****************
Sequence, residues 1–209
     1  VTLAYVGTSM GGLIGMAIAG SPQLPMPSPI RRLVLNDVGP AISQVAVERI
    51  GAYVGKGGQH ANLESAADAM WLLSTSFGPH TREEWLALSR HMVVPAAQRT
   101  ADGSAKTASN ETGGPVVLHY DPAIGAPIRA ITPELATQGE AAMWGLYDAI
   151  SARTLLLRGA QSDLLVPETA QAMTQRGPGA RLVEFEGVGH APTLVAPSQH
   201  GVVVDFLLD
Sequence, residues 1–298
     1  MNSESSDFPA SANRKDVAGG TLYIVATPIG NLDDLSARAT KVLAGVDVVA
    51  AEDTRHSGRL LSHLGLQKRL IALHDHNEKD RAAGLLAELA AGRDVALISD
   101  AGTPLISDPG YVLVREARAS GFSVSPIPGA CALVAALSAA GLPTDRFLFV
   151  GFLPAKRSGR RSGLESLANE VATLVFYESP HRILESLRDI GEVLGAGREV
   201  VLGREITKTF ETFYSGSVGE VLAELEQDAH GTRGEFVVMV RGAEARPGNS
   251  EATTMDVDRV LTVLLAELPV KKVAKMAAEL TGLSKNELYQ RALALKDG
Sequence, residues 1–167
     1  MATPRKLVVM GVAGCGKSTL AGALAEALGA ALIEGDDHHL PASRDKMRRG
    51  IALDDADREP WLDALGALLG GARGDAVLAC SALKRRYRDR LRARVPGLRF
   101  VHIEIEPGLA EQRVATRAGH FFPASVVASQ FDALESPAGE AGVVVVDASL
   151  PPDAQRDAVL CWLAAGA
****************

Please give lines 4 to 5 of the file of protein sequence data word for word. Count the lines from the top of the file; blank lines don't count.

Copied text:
   101  ADGSAKTASN ETGGPVVLHY DPAIGAPIRA ITPELATQGE AAMWGLYDAI
   151  SARTLLLRGA QSDLLVPETA QAMTQRGPGA RLVEFEGVGH APTLVAPSQH